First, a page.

My journey to love and accept myself was a long one.
I was always different. I was an immigrant, an ESL student, poor, talked differently, short, round, didn’t have a traditional family structure and was not completely what society assumes as “masculine.” I hated it. I just wanted to fit in.
Given my parents were trying to give us the American Dream, they worked a lot and had multiple jobs. As the oldest of four, I was told to take care of my siblings. We had help from my amazing grandma and other family members, but I still felt responsible and didn’t want to let my parents down. Looking back, I think the situation (not my parents) forced me to suppress my insecurities and how much I disliked myself.
Once high school started, my insecurities resurfaced. Did they ever go away? Did they magnify? This was also my earliest memory of questioning my sexuality (how can I like football and Mariah Carey???) I didn’t do anything about it. I had enough things I didn’t like about myself. I kept trying to fit in as a “normal” suburban boy. I played sports. I dated girls. This continued throughout college and into my early 20s.
Fast forward to New York City, when things really started to change. I moved for a job. I had also just gotten out of a serious relationship. I was heartbroken and alone in the biggest city in the country. The timing wasn’t planned or ideal, but it was the best thing that could have happened. It was always a dream to live in NYC so I jumped at the opportunity. I told myself just focus on yourself and your career.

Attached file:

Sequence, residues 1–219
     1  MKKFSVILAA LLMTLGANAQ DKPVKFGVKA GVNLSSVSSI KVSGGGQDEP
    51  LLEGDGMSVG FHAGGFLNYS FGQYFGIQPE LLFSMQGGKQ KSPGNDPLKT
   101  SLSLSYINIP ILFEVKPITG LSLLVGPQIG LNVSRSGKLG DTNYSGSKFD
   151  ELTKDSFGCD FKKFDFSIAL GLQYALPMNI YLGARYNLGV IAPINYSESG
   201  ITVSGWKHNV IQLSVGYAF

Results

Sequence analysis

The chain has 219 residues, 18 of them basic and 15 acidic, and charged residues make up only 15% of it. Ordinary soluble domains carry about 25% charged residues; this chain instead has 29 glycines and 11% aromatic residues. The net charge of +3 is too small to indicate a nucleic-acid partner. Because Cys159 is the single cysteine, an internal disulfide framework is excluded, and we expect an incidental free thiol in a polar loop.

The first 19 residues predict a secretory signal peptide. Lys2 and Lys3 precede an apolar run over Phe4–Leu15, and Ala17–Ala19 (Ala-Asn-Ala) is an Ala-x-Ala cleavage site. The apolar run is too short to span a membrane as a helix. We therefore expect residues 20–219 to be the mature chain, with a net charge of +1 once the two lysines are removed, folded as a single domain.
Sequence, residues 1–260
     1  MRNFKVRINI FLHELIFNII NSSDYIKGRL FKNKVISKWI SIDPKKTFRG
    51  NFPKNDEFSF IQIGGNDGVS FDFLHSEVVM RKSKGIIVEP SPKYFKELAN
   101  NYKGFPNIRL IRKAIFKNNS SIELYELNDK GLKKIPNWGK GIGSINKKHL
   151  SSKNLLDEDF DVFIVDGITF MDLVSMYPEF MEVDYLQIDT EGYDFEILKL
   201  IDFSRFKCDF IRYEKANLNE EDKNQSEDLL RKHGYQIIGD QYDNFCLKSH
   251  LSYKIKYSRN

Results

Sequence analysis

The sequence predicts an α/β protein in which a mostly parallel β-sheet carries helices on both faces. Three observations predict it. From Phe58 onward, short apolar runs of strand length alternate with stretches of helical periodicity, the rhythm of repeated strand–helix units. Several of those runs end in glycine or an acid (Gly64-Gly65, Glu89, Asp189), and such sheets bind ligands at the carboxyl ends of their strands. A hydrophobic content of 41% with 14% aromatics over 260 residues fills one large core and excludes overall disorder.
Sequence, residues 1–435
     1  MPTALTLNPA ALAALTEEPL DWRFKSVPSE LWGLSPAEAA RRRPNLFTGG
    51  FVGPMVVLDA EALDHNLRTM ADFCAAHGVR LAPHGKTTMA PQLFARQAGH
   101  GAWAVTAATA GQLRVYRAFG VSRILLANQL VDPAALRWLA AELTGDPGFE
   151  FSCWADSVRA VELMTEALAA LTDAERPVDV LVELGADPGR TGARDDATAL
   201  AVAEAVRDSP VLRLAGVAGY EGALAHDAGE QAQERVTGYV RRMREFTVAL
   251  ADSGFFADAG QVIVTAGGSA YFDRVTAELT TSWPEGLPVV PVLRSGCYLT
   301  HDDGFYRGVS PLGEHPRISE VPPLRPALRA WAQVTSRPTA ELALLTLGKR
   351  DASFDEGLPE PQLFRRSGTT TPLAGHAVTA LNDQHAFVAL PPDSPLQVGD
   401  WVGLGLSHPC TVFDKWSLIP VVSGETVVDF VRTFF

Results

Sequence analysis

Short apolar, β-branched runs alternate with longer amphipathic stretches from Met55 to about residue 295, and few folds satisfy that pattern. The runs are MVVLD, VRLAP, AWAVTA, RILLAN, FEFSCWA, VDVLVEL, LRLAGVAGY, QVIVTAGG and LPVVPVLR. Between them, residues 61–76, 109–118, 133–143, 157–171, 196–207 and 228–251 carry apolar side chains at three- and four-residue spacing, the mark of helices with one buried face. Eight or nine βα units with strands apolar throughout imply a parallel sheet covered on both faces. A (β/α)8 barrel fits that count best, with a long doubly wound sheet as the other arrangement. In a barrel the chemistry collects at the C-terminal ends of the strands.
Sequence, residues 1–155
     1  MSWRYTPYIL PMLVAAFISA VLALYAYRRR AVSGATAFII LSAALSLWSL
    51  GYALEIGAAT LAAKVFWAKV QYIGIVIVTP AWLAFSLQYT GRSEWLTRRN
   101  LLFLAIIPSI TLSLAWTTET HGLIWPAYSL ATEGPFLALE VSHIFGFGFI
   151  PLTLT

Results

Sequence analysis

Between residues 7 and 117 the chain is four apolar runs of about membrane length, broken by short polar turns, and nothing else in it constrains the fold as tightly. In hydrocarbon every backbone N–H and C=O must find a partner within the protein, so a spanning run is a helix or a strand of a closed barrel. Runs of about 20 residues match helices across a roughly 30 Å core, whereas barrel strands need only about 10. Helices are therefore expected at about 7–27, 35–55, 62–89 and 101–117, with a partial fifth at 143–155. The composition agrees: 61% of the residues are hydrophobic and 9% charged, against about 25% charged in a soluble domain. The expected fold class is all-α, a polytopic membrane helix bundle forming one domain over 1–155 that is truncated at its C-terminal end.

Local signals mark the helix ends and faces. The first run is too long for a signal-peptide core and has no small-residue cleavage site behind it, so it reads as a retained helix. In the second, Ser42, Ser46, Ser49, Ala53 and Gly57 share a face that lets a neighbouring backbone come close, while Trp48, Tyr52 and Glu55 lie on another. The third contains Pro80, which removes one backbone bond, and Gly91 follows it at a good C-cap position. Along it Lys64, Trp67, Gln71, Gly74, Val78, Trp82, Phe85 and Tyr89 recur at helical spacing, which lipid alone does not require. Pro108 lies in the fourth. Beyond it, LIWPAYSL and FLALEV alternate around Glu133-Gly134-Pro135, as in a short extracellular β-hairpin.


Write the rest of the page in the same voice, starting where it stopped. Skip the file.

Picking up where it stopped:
During a business trip to Chicago, I decided to stay the weekend to visit my family. While I was there, I was talking with my youngest brother. He was having a hard time and I remember telling him to just focus on him and to do what makes him happy. Then it hit me — I was not taking my own advice. Towards the end of the chat, I said, “I have to tell you something that I have never told anyone. I’m gay.” His response was, “That’s awesome.” I cried.
That weekend, I told the rest of my siblings and received more love and support. Then I had to tell my parents. I did it on the way to the airport as we were approaching the terminal, towards the end of the ride. I was so afraid of disappointing them that I didn’t want to be in the car too long afterwards. Once I told them, there was a period of silence. It was long and awkward. I was scared. My mom finally asked, “Are you safe? Are you happy?” To which, I responded yes. My dad didn’t say a word. Once we arrived at the airport, my dad got out to help me with my luggage. He gave me a hug and said, “I love you.”
Over the next few months, I started telling friends, who told other friends. Each response was overwhelmingly positive and supportive. Most of them already knew. I was not fooling anyone, only myself.
Throughout this journey, I had to come to terms with my complete self. Being gay is just another layer of complexity and it does not fully define who I am as a person. It took years of self-discovery, experiences, new challenges and exploration. Like most of us, I still have some insecurities, but I have accepted them because they are a part of me and what makes me “different.” I am different and I love it.